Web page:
BACK TO BASICS: Developing a Link Campaign, Part One
Developing a Link Campaign, Part 1.
by: Jayme Westervelt, October 2005
A link campaign is a very important part to an SEO project of a website. When considering starting an inbound link campaign for your site, there are many things you need to understand and consider. Getting links to your site isn't as simple as buying placement on a few hundred websites. There are good and bad types of link campaigns to run, so before starting, you must first understand why links are important and what type of campaign you want to conduct.
Everyone knows that inbound links to a website are important, but they may not know the reasons why. One of the reasons is that Google seems to place a high value on inbound links and ranks pages accordingly. They consider a link to a website a "vote" for that website's "authority" on its subject matter. Therefore, when gathering links, you want to make sure you are getting "votes" from respected sites. Second, inbound links are a great source of anchor text for your website. A search engine will use the anchor text from outside websites to help determine what your site is about. By using proper anchor text and a combination of phrases to link into your site you will help the search engines understand a large majority of what your site is about, not just one main keyword. Third, inbound links help to determine your placement on the "web map". The links determine who you are associated with. If your site has a lot of links from spammers, then you may be considered a spammer. The same logic applies if you have links from experts and respected sites, your site may be considered an authority. Links also help determine your region of expertise. If your site has a lot of links from Europe, then the search engines may think that is where your expertise is and may rank you better in the European engines versus the American engines.
Just like anything else in life, there is a good way and a bad way to achieve a good number of inbound links. The easy way, of course, is the bad way of increasing links. This would be going out and purchasing links on sites, a practice actively discouraged by Google's Matt Cutts. The good way is a little more complicated and a little more time consuming but its payoff is much higher without the risk of being banned from the search engines. That would be conducting your link campaign in a way that mimics a "natural" increase in links.
Back before Google placed so much weight on inbound links and before "link campaign" was even a phrase uttered by people with websites, sites would link to one another because they wanted to. People paid no attention to the PageRank of sites, nor did they even know what it was. All that mattered was that one site owner felt that another site was a great resource and thought that their site's visitors should know about it. A site would gain links gradually, not hundreds of links overnight, and links would be from all different types of websites, large and small, informative or product related but many where theme centric to the site being linked to. Anchor text would also be varied. One site owner would describe the site completely different from another site owner; therefore their anchor text was often very different. Sometimes the links would just say "Great Site!" and other times the text would be full of great keywords because it was contained within an informative review of the site. When conducting a link campaign you want to try and mimic these characteristics as much as possible.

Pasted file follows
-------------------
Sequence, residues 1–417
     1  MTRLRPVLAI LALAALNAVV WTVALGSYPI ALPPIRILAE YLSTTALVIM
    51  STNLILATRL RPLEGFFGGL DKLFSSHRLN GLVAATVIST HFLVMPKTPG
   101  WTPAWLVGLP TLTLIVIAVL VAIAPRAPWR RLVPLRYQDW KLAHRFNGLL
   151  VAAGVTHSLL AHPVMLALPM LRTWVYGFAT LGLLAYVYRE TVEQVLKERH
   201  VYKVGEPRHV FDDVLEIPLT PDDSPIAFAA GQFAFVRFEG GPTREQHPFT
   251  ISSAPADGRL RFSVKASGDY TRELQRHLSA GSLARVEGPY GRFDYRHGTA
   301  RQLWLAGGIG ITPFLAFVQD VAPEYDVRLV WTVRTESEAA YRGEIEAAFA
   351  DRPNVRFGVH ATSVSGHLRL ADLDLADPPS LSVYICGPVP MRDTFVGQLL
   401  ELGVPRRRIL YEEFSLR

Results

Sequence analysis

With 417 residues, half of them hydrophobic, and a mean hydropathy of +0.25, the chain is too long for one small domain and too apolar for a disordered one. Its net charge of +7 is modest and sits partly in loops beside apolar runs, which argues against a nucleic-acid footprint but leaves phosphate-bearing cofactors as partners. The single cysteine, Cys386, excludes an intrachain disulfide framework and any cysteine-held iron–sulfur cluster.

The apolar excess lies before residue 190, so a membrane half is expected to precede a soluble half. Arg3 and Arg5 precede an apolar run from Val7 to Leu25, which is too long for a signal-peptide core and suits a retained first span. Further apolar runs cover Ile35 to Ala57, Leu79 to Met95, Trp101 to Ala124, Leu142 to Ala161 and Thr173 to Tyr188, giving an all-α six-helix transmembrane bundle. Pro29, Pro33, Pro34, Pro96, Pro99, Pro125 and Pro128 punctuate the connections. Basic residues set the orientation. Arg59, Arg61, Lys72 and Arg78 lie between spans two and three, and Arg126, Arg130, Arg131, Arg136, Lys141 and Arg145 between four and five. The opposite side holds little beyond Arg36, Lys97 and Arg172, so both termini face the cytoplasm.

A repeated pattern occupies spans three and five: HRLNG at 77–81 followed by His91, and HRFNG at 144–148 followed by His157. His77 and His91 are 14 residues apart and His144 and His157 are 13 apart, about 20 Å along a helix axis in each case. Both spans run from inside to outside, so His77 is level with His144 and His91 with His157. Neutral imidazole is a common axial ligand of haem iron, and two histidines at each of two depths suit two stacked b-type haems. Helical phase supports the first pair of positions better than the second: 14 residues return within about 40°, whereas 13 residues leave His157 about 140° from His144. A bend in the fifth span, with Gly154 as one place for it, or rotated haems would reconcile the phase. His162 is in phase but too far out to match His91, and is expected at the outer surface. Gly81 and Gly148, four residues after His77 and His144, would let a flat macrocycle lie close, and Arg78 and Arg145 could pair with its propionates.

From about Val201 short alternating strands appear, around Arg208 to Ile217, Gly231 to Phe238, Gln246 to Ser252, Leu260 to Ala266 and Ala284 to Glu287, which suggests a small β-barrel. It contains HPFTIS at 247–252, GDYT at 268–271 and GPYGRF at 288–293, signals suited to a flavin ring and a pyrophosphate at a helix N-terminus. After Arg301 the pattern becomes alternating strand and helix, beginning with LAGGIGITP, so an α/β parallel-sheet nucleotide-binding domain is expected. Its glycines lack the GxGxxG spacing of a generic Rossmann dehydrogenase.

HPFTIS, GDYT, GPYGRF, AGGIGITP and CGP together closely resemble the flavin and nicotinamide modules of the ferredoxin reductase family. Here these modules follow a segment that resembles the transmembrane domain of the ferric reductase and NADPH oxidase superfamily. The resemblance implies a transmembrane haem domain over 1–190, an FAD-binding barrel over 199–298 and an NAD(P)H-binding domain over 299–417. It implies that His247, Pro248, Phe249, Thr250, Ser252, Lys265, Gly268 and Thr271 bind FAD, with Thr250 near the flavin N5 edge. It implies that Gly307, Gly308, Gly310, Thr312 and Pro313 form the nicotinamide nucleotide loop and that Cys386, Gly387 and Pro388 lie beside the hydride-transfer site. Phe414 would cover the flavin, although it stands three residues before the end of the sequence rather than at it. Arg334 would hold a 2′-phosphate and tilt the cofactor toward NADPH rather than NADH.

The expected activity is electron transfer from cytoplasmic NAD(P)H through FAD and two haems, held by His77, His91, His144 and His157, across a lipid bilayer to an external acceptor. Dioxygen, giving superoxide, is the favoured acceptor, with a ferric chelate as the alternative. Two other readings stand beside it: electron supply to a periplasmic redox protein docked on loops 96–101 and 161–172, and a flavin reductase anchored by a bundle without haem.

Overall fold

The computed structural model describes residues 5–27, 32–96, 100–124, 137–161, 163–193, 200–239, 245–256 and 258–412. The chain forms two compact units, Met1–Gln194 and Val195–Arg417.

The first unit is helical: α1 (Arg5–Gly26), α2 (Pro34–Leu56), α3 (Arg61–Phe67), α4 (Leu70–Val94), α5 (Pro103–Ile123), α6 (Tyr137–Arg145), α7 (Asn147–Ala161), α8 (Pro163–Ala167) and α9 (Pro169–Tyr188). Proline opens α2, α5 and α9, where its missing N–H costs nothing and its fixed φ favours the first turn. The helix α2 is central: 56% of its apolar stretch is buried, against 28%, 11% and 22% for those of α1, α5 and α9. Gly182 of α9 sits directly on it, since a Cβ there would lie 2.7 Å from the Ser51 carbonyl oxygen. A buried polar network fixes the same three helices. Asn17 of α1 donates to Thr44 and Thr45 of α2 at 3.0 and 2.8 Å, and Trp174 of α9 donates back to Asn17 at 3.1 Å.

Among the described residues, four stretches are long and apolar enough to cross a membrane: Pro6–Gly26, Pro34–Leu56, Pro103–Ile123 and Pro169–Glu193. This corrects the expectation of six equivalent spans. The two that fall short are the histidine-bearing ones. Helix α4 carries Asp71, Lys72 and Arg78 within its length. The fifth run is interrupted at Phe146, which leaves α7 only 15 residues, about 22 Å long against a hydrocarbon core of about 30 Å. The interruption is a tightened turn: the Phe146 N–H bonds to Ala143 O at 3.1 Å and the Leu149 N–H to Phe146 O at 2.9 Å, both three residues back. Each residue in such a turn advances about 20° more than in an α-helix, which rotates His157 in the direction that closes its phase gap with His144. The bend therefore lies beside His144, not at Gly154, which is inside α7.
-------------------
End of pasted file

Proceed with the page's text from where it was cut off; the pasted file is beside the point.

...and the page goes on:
Now that gaining links has become so complicated there are certain things you'll want to remember in order to keep your link campaign looking "natural" to the search engines.
- First, you'll want to gradually increase the number of links to your site. A few hours a week working on the campaign should give you a nice, gradual increase.
- Second, you'll want to get links from sites with a variety of PageRank. If your site has a low PR, it will be hard to get sites with higher PR to link to you, but don't put all of your concentration into those sites with the high PR. Make sure you have plenty of sites with low PR linking into yours. Remember, in order for a link campaign to look truly "natural" a site would have more links from sites with PR 0, 1, 2 or 3. As the PR increases the number of links from those sites would decrease.
- Third, make sure that the links into your site are coming from different IP addresses. There may come a time where you contact a site owner who is willing to link to your site with all 50 of theirs. Sounds great - 50 inbound links at least. Wrong. If all of those sites are hosted on the same IP address, this could send up a red flag to the search engines. A few sites from the same IP are ok, but large multiples of sites could be a problem.